Finnish scientists have reported that children who develop type 1 diabetes experience disturbances in their lipid and amino acid metabolism months or years before the onset of the disease. Their finding of distinct markers that precede the disease could lead to treatments designed to prevent the body’s autoimmune system from attacking the pancreatic insulin-producing cells.
Before the scientists published their study in the December 15, 2008, issue of the Journal of Experimental Medicine, the earliest reliable indicators of potential type 1 had been islet autoantibodies, which show up as the body begins to make an autoimmune assault on pancreatic beta cells. Unfortunately, although their appearance can precede full-blown type 1 by months or years, islet autoantibodies sometimes fail to materialize until it’s already too late to intervene with preventive therapies.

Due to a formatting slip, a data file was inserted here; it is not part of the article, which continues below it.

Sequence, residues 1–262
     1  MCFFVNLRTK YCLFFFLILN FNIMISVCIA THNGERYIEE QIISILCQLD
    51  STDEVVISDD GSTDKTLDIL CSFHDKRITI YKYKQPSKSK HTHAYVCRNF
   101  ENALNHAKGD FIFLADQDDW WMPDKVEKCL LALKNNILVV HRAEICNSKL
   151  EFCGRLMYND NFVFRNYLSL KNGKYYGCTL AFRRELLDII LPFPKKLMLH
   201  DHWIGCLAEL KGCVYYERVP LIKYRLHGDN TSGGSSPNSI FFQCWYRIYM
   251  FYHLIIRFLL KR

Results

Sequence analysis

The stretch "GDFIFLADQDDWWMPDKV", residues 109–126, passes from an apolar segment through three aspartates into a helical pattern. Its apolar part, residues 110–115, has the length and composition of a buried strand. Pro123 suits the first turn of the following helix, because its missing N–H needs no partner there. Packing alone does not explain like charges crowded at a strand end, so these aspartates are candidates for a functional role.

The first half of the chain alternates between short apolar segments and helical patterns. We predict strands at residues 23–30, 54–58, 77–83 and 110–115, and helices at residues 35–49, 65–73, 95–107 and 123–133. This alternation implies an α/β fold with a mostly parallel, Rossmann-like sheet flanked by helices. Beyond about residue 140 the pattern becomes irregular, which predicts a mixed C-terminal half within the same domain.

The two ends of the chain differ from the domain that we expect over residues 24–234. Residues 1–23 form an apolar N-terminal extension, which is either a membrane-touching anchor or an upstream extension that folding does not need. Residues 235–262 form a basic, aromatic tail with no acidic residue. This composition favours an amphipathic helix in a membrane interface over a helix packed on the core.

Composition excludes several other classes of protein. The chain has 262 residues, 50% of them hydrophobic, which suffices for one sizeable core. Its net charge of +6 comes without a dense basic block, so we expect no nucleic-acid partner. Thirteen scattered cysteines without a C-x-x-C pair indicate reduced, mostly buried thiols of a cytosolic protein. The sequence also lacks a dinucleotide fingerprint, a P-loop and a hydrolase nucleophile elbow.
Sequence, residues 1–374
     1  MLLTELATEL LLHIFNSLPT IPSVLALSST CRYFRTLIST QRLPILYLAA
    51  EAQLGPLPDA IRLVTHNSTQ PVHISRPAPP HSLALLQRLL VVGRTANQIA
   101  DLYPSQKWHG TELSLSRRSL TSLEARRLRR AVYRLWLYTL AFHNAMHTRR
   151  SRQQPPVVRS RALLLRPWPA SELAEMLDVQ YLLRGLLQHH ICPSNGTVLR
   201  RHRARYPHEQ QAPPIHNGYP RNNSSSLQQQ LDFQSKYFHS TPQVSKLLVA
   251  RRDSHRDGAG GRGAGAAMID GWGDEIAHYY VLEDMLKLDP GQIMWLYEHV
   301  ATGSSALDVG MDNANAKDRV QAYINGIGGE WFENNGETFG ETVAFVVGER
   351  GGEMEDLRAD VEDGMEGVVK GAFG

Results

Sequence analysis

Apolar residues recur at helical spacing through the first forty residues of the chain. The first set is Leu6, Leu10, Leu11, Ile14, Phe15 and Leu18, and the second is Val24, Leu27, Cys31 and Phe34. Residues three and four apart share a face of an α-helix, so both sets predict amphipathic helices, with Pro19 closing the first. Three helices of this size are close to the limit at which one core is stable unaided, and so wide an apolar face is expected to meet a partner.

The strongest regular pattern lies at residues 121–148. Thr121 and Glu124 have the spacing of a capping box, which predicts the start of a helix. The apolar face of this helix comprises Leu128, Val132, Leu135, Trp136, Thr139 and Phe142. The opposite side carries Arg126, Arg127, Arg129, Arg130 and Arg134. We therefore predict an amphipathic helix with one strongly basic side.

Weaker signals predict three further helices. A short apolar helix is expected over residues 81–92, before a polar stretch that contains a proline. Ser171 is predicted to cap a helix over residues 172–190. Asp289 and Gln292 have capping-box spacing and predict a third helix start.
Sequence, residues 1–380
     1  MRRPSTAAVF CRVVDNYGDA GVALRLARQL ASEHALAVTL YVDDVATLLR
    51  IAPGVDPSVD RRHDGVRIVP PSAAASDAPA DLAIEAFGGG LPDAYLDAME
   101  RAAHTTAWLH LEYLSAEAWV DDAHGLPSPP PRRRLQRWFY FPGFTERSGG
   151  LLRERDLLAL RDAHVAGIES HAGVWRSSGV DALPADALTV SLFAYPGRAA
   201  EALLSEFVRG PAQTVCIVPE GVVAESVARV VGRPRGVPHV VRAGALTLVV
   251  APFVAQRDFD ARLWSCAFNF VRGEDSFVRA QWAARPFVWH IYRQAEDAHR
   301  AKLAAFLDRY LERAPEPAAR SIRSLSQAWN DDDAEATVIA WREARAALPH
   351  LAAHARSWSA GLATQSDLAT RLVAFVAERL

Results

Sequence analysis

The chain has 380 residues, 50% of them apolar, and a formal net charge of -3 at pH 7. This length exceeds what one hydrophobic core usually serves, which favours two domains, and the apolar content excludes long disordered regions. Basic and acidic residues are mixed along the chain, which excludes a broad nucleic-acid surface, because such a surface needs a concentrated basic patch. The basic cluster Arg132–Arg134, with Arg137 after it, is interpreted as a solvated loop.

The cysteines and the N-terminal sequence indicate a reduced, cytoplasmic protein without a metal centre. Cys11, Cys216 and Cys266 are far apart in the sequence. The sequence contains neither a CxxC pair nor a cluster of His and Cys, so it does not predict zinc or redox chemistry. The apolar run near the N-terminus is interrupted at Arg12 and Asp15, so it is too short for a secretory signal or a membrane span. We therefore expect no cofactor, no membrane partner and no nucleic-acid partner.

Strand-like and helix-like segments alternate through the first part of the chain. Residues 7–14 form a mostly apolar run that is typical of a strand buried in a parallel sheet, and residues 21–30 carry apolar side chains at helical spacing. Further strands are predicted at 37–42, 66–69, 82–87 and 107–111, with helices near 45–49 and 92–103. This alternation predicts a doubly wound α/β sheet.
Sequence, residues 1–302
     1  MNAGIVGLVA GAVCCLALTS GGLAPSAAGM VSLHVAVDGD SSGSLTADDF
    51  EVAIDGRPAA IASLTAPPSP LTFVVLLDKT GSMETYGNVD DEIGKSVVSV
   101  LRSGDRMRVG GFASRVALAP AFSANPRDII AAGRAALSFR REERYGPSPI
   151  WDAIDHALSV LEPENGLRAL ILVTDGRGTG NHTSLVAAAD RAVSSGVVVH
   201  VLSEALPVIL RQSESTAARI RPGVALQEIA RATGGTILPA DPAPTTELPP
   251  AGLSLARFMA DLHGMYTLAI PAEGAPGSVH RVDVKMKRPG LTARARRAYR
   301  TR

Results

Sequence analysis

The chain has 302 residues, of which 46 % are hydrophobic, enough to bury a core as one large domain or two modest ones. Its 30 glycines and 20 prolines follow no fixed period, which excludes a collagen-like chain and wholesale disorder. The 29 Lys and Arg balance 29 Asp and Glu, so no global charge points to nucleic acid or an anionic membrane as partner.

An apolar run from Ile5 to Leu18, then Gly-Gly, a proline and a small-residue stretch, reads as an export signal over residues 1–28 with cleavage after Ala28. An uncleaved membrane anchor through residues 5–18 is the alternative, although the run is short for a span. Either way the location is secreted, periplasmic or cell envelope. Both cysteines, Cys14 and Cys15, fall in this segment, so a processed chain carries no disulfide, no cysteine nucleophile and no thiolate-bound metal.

The Finns found that people who develop type 1 are born with reduced serum levels of succinic acid and phosphatidylcholine. Later, they experience reduced levels of triglycerides and antioxidant ether phospholipids. Several months before developing immunity to their own pancreatic beta cells, they experience increased levels of lysophosphatidylcholines-a kind of acid-that produce inflammation.
Because the sequence and agents involved are so clear, the scientists hope to eventually develop preventive strategies based on them. Their research used metabolomics, the systematic study of the chemical “fingerprints” in cells, tissues, and biofluids, taking into account both physiology and the environment. Because a person’s metabolism can be affected by age, lifestyle, food, and intestinal microbes, plotting their effects could lead to changes or adjustments that stave off type 1.
Finnish interest in diabetes is a response to that country’s high incidence of type 1: One out of every 120 Finnish children develops the disease, and the rate of incidence is increasing yearly. The country is expecting the number of new cases to double in the next 15 years.